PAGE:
Shostakovich began his Symphony No. 15 while convalescing in a hospital. The first performance was by the USSR Radio Symphony conducted by Maxim Shostakovich on January 8, 1972. It's one of the stranger works in the composer's canon, and surprised early listeners with its repeated quotes of the famous theme from Rossini's William Tell and the "Fate" motif and "Siegfried's Funeral March" from Wagner's Ring cycle, as well as references to many of Shostakovich's previous symphonies. These deliberately blatant borrowings have never been definitively explained, but to some extent the composer knew this would be a valedictory work, so some form of autobiography has been assumed by later commentators and analysts, who regularly call it "puzzling" and "enigmatic."
The composer's liner notes to the first recording, by his son Maxim and issued on the official Soviet record label Melodiya, say the first movement depicts toys coming to life at night in a toy shop. No such light-hearted story could distract anyone but the most ignorant Soviet bureaucrat from hearing what a soul-shattering work this is as a whole, however. Here is my alternative, perhaps fanciful, yet plausible alternative interpretation of this movement and the work as a whole. (I wrote this at the beginning of the decade for CDNOW.com, but that's in the crapper and I want this theory out in the world.)
The musical quote in the first movement which has so long left analysts scratching their heads is the William Tell tune. In the West, this seems banal thanks to its use as the Lone Ranger's radio theme and subsequent appropriations of even greater triviality. But Rossini's 1829 opera was an important turning point -- a popular, iconic creation of the early Romantic period (Shostakovich was in some ways an extension of the Romantic style, building upon Mahler), yet also Rossini's final opera before his lengthy retirement (Shostakovich's 15th Symphony was his final work in the genre). Most of all, it's a thrilling story of a fight against tyranny. Tell's talent (archery) places him in a position where his family is threatened (he's forced to shoot an arrow into an apple balanced on the head of his son), but he turns it against the oppressor (killing the cruel Governor Gessler). Shostakovich's musical talent placed him in a precarious position vis-a-vis the Soviet government; at times, he reputedly slept in the hallway outside his apartment so that if Stalin's agents came for him, Shostakovich's family might not be involved. Yet after following orders, he then (if the controversial memoir Testimony is believed) began inserting hidden anti-Stalin messages and double meanings in his compositions. Would it be surprising if in the presumably autobiographical Symphony No. 15, Shostakovich were to so strongly identify with the character of William Tell?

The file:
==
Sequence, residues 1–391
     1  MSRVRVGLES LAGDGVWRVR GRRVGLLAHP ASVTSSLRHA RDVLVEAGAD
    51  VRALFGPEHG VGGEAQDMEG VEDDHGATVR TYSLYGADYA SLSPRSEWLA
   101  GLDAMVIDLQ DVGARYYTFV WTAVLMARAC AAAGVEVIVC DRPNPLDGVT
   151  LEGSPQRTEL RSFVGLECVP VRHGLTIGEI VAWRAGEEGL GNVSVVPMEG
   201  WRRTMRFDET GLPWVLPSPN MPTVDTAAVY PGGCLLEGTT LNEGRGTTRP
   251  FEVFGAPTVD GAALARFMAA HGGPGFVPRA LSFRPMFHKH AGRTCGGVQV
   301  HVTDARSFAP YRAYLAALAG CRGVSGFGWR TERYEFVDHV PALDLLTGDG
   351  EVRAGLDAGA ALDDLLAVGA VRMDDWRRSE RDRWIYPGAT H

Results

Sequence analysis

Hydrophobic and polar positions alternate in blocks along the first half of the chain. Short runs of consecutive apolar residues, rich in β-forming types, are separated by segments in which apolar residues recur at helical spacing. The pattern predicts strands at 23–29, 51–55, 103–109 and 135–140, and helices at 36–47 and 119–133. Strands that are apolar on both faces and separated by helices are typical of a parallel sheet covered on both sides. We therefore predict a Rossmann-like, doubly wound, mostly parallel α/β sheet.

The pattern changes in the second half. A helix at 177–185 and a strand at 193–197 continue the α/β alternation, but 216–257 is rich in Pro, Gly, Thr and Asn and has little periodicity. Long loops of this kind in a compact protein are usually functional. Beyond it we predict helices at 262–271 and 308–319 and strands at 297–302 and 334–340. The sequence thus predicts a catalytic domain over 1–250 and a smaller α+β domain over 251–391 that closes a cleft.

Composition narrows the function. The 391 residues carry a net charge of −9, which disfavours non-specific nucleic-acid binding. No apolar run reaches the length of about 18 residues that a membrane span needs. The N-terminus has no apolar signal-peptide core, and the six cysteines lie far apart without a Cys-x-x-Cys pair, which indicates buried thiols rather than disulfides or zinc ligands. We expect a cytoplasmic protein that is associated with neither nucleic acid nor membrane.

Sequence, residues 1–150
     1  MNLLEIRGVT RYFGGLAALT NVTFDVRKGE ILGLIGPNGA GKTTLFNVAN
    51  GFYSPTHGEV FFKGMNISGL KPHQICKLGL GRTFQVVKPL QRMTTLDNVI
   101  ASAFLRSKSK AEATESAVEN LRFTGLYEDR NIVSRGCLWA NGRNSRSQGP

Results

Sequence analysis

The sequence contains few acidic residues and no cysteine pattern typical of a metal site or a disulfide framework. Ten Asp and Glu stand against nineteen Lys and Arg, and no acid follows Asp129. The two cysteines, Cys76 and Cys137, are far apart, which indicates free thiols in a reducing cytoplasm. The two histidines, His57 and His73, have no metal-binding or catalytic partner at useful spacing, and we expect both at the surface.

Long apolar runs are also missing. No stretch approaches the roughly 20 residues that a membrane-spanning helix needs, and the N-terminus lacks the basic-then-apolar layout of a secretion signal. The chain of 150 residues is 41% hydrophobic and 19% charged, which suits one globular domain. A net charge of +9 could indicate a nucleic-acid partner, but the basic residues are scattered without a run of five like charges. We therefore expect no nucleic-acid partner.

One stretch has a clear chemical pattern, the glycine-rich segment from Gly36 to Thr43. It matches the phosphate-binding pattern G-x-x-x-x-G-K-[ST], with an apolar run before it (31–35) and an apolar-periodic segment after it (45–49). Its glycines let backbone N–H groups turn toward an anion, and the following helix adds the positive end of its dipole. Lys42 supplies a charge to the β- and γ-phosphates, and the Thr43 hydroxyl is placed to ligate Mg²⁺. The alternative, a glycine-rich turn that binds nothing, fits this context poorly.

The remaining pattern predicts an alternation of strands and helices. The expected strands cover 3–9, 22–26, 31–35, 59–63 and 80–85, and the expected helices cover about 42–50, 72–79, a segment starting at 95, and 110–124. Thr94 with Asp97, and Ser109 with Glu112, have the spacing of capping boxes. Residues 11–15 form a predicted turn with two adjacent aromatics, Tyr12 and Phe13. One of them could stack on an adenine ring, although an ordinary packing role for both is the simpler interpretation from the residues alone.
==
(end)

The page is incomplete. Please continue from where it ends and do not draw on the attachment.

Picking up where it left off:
Perhaps the high-spirited first movement is the young and exuberant Shostakovich, a rising star in the also-young and exuberant Soviet Union. Then comes the dark, menacing second movement with its crushing brass -- Stalin's rise to power. The brass chorale starts with a somewhat heroic tone before turning sour, analogous to the Russian Revolution and its aftermath (a similar chorale appears in the Symphony No. 11). The trombone glissandos recall Shostakovich's opera Lady Macbeth of the Mtensk District, which so offended Stalin when trombone glissandos raucously and vividly depicted a sexual encounter, leading to public denunciation of the composer in an unsigned Pravda editorial, shattering his career and his psyche.
Stirrings of energy in the Allegretto suggest a furtive, hushed transformation of the first movement's bustling hijinks. The percussion ensemble near the end is considered an allusion to the Symphony No. 4, which -- after Pravda's denunciation -- was put into a drawer as too provocative, not to be played until a quarter-century later.
Then the finale opens with the "Fate" motif of Wagner's Ring, which recurs five times, twice linked to the rhythm of "Siegfried's Funeral March": Shostakovich could fight his fate, but not defeat it, and he knew his life was drawing to a close. There are seemingly deliberate doldrums in the finale, similar to the String Quartet No. 15 of the same period. (Conductors who tighten up the movement too much lose this effect.) The Symphony opened with two bell chimes; it ends quietly, with a bell's single chime, lower in pitch. All the energy has drained out. Is that bell Shostakovich's spirit, still not completely crushed by the Soviet bureaucrats? Or does it mark the end of his life, as the bell at the beginning might mark his start?
I discuss recorded versions in my larger Shostakovich overview. - Steve Holtje
Mr. Holtje is a Brooklyn-based poet and composer who recently recorded his original soundtrack to Bystander, a documentary film by John Reilly.